A visual field of 20 degrees or less means you have very limited peripheral sight and are only able to see slightly beyond what’s central to your vision.

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Monitoring keratoconus progression involves keeping track of your symptoms and having regular screening tests with your eye doctor. Because some signs of progression might not cause noticeable symptoms, visiting your eye doctor for routine checkups is important.

Signs keratoconus is getting worse include:

  • visual distortions and blurriness are getting worse, even with corrective lenses
  • experiencing new visual difficulties in certain settings, like low lighting or at night
  • noticing your corrective lenses are no longer as effective
  • your eye doctor notes new irregularities in the shape of your cornea
  • light sensitivity is worsening
  • contact lenses have become uncomfortable
  • there’s a sudden and significant change in vision
  • corneal clouding, swelling, or scarring are seen in an eye exam

Keratoconus is treatable. Your overall outlook will depend on factors like your age, how early keratoconus was diagnosed, and if you’re living with other eye conditions.

Early intervention can slow or completely stop the progression of keratoconus. However, up to 20% of people may eventually need corneal transplantation to restore visual clarity.

Early interventions include:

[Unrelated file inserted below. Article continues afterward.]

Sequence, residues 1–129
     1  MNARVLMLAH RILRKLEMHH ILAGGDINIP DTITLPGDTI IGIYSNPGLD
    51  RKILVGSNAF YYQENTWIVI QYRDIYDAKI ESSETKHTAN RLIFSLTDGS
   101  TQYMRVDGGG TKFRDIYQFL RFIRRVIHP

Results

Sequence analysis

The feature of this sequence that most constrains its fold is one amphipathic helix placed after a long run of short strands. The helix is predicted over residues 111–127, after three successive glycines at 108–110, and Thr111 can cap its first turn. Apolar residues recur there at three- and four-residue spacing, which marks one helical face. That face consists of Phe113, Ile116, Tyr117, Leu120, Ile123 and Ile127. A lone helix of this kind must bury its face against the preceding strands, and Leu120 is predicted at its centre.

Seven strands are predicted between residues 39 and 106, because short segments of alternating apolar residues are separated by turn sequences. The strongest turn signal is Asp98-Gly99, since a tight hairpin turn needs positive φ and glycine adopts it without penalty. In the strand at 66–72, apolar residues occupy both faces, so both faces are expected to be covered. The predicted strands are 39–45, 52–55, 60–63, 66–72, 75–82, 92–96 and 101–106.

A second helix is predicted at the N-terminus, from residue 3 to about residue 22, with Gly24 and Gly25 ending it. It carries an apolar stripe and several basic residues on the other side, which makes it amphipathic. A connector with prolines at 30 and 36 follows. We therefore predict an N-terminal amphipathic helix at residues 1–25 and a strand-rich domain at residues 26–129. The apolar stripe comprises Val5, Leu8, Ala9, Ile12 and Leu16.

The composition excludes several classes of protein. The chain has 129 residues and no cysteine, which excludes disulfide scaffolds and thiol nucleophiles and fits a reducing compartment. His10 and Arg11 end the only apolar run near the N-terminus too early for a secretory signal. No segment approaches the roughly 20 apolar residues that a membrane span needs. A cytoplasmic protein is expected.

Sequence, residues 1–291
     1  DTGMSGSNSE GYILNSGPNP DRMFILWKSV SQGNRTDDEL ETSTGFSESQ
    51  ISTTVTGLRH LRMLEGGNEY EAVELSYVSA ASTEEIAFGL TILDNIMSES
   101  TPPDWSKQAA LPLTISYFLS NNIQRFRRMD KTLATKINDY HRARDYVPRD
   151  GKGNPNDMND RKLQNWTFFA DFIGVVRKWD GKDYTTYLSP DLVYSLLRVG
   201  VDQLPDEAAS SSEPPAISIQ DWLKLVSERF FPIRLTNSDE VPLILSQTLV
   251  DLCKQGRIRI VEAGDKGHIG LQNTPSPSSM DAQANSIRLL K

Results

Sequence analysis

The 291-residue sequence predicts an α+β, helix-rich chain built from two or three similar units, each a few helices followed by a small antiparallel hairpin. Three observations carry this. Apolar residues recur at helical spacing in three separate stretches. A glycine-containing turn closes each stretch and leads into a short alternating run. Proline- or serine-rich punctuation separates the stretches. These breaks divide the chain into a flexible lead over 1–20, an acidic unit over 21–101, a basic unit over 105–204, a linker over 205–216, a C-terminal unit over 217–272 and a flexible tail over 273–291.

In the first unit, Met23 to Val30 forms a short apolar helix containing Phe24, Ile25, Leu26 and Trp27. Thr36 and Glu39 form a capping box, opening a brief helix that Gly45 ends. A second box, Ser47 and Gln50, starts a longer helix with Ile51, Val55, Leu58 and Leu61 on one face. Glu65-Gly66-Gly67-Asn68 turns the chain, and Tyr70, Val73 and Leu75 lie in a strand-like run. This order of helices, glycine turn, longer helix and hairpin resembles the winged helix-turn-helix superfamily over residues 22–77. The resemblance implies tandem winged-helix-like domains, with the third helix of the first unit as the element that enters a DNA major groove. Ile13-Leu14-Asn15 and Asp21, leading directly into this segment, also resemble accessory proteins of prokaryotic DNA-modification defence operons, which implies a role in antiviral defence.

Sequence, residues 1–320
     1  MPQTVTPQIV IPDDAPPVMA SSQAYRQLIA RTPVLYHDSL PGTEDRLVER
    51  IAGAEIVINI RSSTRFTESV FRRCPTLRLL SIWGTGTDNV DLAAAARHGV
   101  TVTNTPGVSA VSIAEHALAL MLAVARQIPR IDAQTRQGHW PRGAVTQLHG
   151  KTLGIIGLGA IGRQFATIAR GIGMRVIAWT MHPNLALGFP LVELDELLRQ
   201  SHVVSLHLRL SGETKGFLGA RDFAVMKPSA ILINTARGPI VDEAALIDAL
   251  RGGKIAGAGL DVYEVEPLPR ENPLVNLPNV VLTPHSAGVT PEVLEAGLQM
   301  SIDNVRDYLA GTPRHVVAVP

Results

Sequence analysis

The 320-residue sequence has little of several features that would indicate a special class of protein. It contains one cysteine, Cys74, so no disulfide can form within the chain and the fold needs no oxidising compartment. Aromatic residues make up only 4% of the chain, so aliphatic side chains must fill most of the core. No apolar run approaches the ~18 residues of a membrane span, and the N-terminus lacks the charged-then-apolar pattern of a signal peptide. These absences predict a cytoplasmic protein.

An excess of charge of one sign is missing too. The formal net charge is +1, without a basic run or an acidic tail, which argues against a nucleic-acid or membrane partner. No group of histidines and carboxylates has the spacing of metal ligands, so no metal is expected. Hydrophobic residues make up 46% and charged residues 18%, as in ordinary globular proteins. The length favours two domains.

• corrective eyeglasses or soft contact lenses to correct vision
  • rigid gas permeable contact lenses to correct vision and help stabilize the cornea

If keratoconus advances and can’t be managed with early interventions, your doctor may recommend:

  • corneal cross-linking, a minor surgical procedure that strengthens the cornea by increasing collagen links within its layers
  • custom-made or specialized contact lenses

The most advanced stages of keratoconus may require surgical management. Depending on your individual needs, your doctor will consider:

  • intrastromal corneal ring segments (Intacs), small plastic implants that are used to reshape and flatten the cornea
  • corneal transplant, a surgical procedure that replaces that damaged cornea with a donor cornea

Learn more about treatment for keratoconus.

Any vision changes are a reason to speak with your doctor immediately. The sooner you address eye issues, the less likely they are to pose serious risks to your vision.

If you’ve been diagnosed with keratoconus previously, you should contact your doctor about:

  • significant or sudden changes in vision
  • worsening visual clarity
  • increased light sensitivity
  • new visual distortions, like double vision or halos around lights
  • corrective lenses don’t seem to be as effective
  • any eye pain, redness, or swelling

Keratoconus is a progressive eye disease that can affect the clarity of your vision. While it isn’t considered a condition that directly causes complete blindness, it may cause significant visual impairment that qualifies as “legal blindness” in some people.

Early interventions can slow or stop the progression of keratoconus, but some people may require surgical management to restore their vision.